Don’t Waste Time Predicting the Next Recession
October’s market activity has many investors wondering if the next recession is just around the corner. Stirring up memories of the Great Recession and painful market crash of 10 years ago, warning stories are being voraciously consumed.
The current preoccupation about a recession is largely based on the fact that the current economic expansion and the accompanying bull market are both long-running. So, as the reasoning goes, both are long in the tooth and must end soon.
But a careful review of the evidence shows that the onset of the next recession cannot be predicted by how long the current expansion has lasted. In other words, even though we refer to them as business cycles, there is no regularity to the length of either half of the “cycle.” Expansions do not come with an expiration date.
Putting Recessions in Perspective
If we look back at the recessions since World War II, we note that they have become less frequent and less severe, with the exception of 2008, which I will address shortly. In general, government officials are doing a better job of running monetary and fiscal policy, helped along by strong economic growth worldwide.
Increasingly, periods of economic growth are exceeding the length of recessions. To put this in perspective, the ratio of expansion years to recession years has increased 50% from 4 to 1 during the late 1940s and the ’50s to 6 to 1 over the last 60 years.
The chart below highlights the incredible sustained stock market appreciation of the postwar boom and the Post-’70’ era in spite of recurring recessions. The 17- and 22-year periods of market appreciation in this chart were each punctuated by three economic recessions, none of which derailed the long-term rise in the market. In this context, the current upward trending market may just be getting started.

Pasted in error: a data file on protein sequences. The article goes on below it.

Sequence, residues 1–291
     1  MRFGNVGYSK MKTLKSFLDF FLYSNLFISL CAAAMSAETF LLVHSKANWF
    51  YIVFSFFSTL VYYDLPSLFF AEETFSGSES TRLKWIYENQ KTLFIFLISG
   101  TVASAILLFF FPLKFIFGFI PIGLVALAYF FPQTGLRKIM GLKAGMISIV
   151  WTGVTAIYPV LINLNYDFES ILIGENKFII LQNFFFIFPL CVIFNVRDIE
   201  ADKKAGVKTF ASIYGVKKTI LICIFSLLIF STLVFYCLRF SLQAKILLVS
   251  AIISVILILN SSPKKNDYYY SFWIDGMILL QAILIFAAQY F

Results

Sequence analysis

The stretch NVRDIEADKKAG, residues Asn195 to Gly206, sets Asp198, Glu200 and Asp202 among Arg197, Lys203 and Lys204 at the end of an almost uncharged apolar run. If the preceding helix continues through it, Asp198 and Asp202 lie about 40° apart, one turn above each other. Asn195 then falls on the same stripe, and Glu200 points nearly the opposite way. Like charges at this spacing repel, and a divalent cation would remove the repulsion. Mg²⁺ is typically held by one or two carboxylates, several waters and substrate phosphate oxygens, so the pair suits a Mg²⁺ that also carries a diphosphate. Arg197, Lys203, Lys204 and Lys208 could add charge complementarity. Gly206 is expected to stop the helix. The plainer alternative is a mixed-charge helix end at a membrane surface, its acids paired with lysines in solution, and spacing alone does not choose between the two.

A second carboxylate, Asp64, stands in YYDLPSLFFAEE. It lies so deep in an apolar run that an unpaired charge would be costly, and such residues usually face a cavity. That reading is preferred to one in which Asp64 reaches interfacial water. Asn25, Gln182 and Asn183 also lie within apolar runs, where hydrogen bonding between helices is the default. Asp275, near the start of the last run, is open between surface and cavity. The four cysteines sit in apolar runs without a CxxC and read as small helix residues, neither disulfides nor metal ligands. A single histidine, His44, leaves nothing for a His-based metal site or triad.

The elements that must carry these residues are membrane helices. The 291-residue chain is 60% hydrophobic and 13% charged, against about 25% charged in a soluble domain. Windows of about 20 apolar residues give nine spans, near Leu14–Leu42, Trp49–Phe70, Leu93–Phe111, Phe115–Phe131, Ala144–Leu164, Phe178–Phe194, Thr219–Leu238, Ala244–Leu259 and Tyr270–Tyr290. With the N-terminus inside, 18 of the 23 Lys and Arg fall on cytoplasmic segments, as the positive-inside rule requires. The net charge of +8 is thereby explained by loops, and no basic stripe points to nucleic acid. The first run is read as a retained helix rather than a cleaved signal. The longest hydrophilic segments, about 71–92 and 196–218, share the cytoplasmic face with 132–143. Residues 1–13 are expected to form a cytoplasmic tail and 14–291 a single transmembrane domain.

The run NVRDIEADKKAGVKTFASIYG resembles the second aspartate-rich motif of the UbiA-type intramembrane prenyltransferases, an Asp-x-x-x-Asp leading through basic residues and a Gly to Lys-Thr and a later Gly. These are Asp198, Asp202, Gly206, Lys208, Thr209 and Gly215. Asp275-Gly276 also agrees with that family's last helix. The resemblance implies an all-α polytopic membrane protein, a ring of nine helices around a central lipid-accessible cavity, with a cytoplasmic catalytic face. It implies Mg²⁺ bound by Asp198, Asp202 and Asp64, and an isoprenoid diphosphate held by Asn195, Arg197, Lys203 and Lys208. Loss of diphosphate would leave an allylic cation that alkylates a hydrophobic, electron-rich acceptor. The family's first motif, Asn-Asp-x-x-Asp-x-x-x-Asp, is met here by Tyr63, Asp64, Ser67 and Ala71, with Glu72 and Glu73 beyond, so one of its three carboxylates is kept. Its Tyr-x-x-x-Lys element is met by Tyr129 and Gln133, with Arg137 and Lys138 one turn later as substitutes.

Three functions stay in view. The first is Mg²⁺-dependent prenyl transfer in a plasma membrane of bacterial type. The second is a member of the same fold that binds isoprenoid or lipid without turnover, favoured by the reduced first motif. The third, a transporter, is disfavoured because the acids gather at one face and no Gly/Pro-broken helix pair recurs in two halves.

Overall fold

S&P 500 PRICE INDEX (Log Scale, 12/31/1935 – 9/30/2018)
Source: S&P Dow Jones Indices LLC.
While somewhat oversimplified, protracted wars, severe external shocks and disastrous policy decisions seem to be the major detractors from steady long-term growth and even those are handled with time. These events are largely unpredictable in advance.
The Next Recession
Let me be very clear here: There will be another recession sometime in the future. The problem is we do not have any idea when that will be and what will be its cause. Will this October selloff trigger the next one? Highly unlikely.
What will trigger the next recession no one knows. Since 1980, the most common recession starter has been a government policy or Federal Reserve mistake. The worst Fed mistake was made by then-Chairman Ben Bernanke in September 2008 when he allowed Lehman Brothers to go under, shutting down the payment system upon which every U.S. financial transaction depends. Consequently, the Fed was transformed from the lender of last resort, the task at which Bernanke so miserably failed, into the lender to everyone. Thus, the huge Fed balance sheet looming over us to this day.